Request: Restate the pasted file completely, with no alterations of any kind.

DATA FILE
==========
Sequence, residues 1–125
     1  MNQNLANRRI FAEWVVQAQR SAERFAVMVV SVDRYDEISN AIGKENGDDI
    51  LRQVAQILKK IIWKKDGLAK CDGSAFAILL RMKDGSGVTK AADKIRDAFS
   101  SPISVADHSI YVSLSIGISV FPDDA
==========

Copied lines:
Sequence, residues 1–125
     1  MNQNLANRRI FAEWVVQAQR SAERFAVMVV SVDRYDEISN AIGKENGDDI
    51  LRQVAQILKK IIWKKDGLAK CDGSAFAILL RMKDGSGVTK AADKIRDAFS
   101  SPISVADHSI YVSLSIGISV FPDDA